Eugene Griffin sold a business known as Crane Used Auto Parts to James E. Adams. The business was not located on land owned by Griffin, but rather by Crane Auto Parts of Columbus, Inc., and appellant was a lessee under the terms of a lease entered into between himself as lessee and Crane Auto Parts of Columbus, Inc., as lessor. Paragraph 33 of the lease provided that "in the event of sale or redevelopment of herein premises . . . Landlord or Tenant has the privilege of terminating this lease agreement at any time; provided however, one gives to the other advance written personal return receipt requested notice 90 days from a rent due date of his intention to quit." At the time Griffin and Adams negotiated the sale of the business, the lease was in existence and the parties made provision in their written contract for sale of the business to anticipate the possibility that occupancy of the premises might be lost. The contract, dated July 16, 1982, provides for a purchase price of $250,000; one half payable at closing and the balance payable in monthly installments "during the balance of the seller's lease . . . which terminates at midnight June 15, 1989." Monthly payments were to commence on August 15, 1982, in the amount of $1,488.10 for twenty-three months with a twenty-fourth payment of $25,000 due on July 15, 1984. The remaining balance was to be paid in equal monthly installments of $1,114.82 until June 15, 1989. The contract also provided that "seller guarantees the leased property in favor of the purchaser provided rentals are paid by purchaser until midnight June 14, 1989" and that the "purchaser shall have the right to occupy and fully utilize the said leased property until June 14, 1989, . . . and seller agrees that if the purchaser is for any reason not allowed by the owner or lessor of said leased property to use, occupy and have all leasehold rights which the seller enjoyed as lessee of said property, then each of the parties recognizes that the damages suffered by the purchaser would be equal to any outstanding balance to seller for the purchase of the business . . . and purchaser would not be obligated to make any further outstanding payments to seller after his right to occupy the leased premises was terminated before June 14, 1989."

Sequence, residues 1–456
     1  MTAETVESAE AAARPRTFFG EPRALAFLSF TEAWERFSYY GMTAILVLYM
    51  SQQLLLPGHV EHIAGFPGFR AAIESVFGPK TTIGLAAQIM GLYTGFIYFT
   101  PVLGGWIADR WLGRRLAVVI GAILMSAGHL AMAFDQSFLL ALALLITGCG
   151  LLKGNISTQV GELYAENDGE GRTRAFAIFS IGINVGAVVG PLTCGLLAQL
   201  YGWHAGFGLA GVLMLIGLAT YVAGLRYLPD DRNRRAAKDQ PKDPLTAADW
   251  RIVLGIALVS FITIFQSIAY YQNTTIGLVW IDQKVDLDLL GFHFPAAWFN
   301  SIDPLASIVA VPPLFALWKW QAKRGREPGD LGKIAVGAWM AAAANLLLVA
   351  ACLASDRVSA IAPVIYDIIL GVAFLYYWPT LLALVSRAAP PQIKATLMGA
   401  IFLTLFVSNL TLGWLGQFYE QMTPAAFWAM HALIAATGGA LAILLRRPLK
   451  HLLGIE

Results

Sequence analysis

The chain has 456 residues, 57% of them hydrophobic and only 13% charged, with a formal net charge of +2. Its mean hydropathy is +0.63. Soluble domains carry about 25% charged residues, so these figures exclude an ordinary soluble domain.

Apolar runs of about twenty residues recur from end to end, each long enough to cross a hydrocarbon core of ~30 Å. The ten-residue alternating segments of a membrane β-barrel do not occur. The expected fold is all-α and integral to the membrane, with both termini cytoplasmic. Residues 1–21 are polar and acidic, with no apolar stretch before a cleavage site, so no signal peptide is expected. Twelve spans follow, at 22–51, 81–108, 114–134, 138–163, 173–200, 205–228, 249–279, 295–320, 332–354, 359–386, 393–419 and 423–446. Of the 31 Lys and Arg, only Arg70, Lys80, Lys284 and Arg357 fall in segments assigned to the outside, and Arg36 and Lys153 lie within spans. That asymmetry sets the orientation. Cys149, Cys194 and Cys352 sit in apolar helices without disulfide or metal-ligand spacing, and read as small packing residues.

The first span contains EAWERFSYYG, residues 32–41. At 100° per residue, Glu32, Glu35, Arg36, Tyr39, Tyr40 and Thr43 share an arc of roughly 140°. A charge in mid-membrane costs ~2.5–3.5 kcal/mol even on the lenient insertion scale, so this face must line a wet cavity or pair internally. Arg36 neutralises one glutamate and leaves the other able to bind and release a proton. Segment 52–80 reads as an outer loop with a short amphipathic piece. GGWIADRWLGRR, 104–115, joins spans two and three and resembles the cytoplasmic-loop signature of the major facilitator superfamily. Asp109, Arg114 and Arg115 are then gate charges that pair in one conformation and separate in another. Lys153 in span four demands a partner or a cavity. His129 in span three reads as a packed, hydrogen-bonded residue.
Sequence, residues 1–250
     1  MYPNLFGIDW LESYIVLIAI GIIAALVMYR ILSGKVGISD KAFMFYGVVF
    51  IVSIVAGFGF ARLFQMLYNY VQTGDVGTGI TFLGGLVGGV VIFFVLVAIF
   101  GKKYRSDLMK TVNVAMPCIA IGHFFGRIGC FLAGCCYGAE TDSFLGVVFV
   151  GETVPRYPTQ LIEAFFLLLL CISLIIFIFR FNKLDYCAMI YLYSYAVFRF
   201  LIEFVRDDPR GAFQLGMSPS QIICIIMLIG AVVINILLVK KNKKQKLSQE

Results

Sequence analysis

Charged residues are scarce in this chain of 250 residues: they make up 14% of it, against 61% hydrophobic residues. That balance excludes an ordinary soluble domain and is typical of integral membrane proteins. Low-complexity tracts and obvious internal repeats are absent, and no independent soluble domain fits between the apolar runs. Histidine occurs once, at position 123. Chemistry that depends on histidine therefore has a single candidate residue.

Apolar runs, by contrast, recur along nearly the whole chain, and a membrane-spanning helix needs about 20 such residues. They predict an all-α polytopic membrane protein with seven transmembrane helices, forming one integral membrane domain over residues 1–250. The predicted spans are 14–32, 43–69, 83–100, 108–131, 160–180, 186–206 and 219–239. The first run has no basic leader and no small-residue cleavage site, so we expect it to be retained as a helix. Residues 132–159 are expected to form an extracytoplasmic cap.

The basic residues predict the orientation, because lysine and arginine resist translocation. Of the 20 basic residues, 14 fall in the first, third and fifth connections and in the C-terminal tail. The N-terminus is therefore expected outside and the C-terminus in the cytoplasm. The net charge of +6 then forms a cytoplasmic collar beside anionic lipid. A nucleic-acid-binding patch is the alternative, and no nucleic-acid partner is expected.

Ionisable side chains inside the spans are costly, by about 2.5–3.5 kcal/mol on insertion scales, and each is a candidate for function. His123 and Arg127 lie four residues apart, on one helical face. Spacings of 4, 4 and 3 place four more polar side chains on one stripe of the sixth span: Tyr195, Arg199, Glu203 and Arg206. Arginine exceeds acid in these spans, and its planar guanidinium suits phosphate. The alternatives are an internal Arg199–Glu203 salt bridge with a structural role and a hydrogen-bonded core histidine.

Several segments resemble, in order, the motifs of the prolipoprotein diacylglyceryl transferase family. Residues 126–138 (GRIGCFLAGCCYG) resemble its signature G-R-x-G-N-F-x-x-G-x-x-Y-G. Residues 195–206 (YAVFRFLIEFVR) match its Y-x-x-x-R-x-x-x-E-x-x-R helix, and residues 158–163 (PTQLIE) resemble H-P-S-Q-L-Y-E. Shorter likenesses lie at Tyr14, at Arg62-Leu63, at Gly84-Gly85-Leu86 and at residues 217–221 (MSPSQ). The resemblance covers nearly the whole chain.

On January 14, 1983, the property owner notified Adams by letter that he was to vacate the premises so that the property could be sold and developed. Appellee immediately searched for a new location, began liquidating his inventory and vacated the premises by the April 13, 1983, deadline. He made monthly payments to Griffin until that date. Griffin brought suit against Adams for the entire unpaid balance of the monthly payments which would have been due through the end of the lease. Adams answered, counterclaimed and filed a motion for summary judgment. Griffin appeals from the grant of summary judgment in favor of Adams, contending the court erred in construing the contract and finding as a matter of law that Adams' obligation to make payments under the contract was conditioned on his continued occupancy of the premises, and further finding that the contract clearly and unambiguously releases Adams' obligation to pay the entire purchase price in the event of the lessor's re-entry onto the premises. Held:
It is well-established that no construction of a contract is required or is even permissible when the language used by the parties is plain, unambiguous and capable of only one reasonable interpretation. In such a case, the language used is given its literal meaning, and plain ordinary words are given their usual significance. Wheeler v. Jones County, 101 Ga. App. 234
, 236 (113 SE2d 238
) (1960). Where the terms of a written contract are clear and unambiguous, the court will look to it, and it alone, to determine the intention of the parties. DeLong v. Cobb, 215 Ga. 500 (111 SE2d 89) (1959)
The language quoted above is not doubtful or ambiguous. The monthly payments on the purchase price coincide with the terms of the lease; the contract guarantees full use and occupancy of the property until the lease term ends and plainly states that the buyer's obligation to make payments under the contract is conditioned on his right to occupy the premises until midnight, June 14, 1989. The trial court also correctly found that the contract clearly sets up a condition precedent. See Irvindale Farms v. W. O. Pierce Dairy, 78 Ga. App. 670 (51 SE2d 712) (1949)
; OCGA 13-5-7
Judgment affirmed. Pope and Beasley, JJ., concur.